After the Drawdown

| July 1, 2013

The United States, India, and the Challenge of Afghanistan

Executive Summary

In less than two years, the United States and NATO will draw down their presence in Afghanistan and complete a transition to Afghan security forces. Violence and instability, already prevalent, are likely to persist and worsen – with grave consequences for American interests in the region.

As a rising regional power with a strategic interest in building a stable Afghanistan, India is uniquely poised to play a constructive role. But the United States must think carefully before encouraging Indian engagement, as a variety of scenarios might disrupt U.S. relations with Pakistan, and encourage Pakistani actions that could further destabilize Afghanistan.

Over the long term, Washington should focus on deepening its Strategic Partnership with India. But as the United States withdraws the majority of its troops from the region, Washington will have to work with Pakistan to ensure the safe withdrawal of American troops and equipment, the continuation of an effective counterterrorism program, and the promotion of political stability in Afghanistan.

As the United States decreases its presence in Afghanistan, Washington’s ability to control events in the region will diminish. Likewise, its leverage with respect to Indian decision-making regarding Afghanistan may also decrease. India will act to advance its interests in Afghanistan – it can and may take action there irrespective of what the United States might accept, depending on how circumstances evolve.

This report presents both a vision and a concrete road map for constructive Indian engagement in Afghanistan after the security transition in 2014. It assumes that the U.S. presence after the 2014 drawdown will be small. It explores the challenges facing India and the United States ahead of 2014. Based on extensive interviews with former government officials and academics in both nations, it recommends actionable steps for sustained, high-level dialogue and on-the-ground action.

This report concludes that India can best advance comprehensive regional stability by:

  • Investing in regional economic development initiatives that support stability by generating prosperity. Given that Afghanistan is dependent on extremely high annual aid inflows unlikely to be sustained long after 2014, increased aid and trade could be a decisive factor in offsetting state weakness.
  • Training Afghan security forces in a manner that is limited, transparent, and located within India itself.
  • Conducting a dialogue with Pakistan on regional challenges. Whether Pakistan chooses apath toward stability and greater regional engagement may depend significantly on the stateof this dialogue.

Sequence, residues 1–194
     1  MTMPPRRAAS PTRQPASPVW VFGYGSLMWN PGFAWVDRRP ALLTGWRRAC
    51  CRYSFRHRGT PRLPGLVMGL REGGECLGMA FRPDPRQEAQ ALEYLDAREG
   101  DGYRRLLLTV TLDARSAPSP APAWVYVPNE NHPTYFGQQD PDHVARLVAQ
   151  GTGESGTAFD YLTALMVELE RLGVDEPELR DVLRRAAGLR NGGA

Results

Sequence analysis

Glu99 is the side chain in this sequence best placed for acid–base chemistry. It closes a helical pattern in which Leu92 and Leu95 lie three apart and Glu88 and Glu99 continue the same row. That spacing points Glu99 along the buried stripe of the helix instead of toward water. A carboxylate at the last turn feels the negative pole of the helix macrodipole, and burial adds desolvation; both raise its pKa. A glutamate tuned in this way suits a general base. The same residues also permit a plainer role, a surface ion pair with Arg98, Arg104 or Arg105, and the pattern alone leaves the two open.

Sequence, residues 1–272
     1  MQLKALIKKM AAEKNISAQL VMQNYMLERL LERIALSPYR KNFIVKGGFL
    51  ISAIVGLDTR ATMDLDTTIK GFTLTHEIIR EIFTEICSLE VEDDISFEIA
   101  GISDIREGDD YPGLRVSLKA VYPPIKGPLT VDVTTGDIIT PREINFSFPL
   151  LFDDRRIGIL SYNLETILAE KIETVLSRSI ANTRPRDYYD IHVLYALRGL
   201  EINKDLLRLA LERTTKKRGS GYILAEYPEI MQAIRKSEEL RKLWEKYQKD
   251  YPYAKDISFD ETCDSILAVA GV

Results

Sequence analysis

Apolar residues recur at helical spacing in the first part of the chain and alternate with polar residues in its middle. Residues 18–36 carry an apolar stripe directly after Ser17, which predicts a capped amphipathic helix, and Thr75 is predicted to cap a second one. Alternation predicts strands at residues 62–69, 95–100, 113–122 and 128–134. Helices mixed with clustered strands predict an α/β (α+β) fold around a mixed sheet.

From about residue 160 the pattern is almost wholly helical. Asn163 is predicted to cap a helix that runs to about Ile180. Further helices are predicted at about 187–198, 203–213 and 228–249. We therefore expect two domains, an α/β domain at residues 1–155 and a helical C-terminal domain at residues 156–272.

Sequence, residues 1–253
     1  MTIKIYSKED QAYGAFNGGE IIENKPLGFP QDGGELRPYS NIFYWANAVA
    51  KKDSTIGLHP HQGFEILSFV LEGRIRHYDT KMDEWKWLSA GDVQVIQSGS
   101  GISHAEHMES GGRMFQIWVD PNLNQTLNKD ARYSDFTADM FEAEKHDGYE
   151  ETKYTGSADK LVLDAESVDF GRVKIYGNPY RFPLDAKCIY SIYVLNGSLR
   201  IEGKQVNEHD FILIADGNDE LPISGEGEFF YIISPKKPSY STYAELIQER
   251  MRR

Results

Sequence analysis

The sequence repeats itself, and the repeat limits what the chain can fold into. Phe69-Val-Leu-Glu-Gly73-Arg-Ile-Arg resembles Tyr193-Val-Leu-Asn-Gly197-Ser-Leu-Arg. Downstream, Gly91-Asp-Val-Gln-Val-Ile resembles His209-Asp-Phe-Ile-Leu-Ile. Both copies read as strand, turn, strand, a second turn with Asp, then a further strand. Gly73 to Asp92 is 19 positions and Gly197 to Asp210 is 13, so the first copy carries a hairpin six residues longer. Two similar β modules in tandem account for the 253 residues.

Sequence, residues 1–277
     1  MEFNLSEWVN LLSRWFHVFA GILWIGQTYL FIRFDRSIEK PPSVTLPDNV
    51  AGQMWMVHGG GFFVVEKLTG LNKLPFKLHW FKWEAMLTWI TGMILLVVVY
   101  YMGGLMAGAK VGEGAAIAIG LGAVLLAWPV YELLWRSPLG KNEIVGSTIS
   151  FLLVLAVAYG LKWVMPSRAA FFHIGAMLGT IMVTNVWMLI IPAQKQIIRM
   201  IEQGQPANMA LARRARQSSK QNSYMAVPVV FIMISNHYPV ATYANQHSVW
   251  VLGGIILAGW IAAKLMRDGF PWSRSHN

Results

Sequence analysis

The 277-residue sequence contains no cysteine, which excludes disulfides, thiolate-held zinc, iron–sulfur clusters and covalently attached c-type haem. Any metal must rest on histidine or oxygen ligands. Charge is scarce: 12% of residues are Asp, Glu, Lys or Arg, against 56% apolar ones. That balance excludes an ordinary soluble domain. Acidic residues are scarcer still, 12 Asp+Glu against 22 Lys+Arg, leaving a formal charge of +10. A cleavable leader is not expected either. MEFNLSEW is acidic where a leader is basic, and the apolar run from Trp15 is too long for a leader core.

Stability will depend in large part on whether Pakistan concludes that its interests are well served by a stable Afghan government. Therefore, a robust Afghan reconciliation process, led by the international community, must accompany India’s efforts.

Pakistan’s security concerns with respect to Afghanistan can best be met through an agreed resolution to the conflict. To advance this vision, the United States should:

  • Redouble efforts to pursue Afghan reconciliation.
  • Encourage India to pursue economic development initiatives in Afghanistan, through both direct humanitarian aid and enhanced regional trade.
  • Promote changes to the current Indian training program for Afghan National Security Forces (ANSF) and police that will make it more sustainable and less provocative. Specifically, India should train trainers, on a timetable, and with maximum transparency, in coordination with International Security Assistance Forces (ISAF).
  • Use a “hidden hand” approach to promote dialogue between India and Pakistan on regionalchallenges.
  • Encourage India to stay out of Afghan electoral politics, but promote Indian training of Afghan civil servants.
  • Promote further collaboration between U.S. policymakers within the Department of Defense working on Af/Pak (under Central Command) and those working on India (under Pacific Command), as well as with the South Asia Bureau at the Department of State.

The United States and India have a strong and shared interest in preventing extremist groups from using Afghanistan as a base from which to launch terror attacks. If our two countries work together to foster stability in Afghanistan without provoking a counterproductive Pakistani response, we can further our Strategic Partnership and advance peace and security in South Asia.

This paper was completed in the spring of 2013 by Harvard Kennedy School MPP degree candidates Jessica Brandt and Hanna Siegel as their Policy Analysis Exercise. Brandt was an International and Global Affairs Student Fellow with the Kennedy School’s Belfer Center for Science and International Affairs in 2012-2013.


For more information on this publication: Belfer Communications Office
For Academic Citation:

Brandt, Jessica, and Hanna Siegel. "After the Drawdown: The United States, India, and the Challenge of Afghanistan." Belfer Center Student Paper Series, July 1, 2013.

The Authors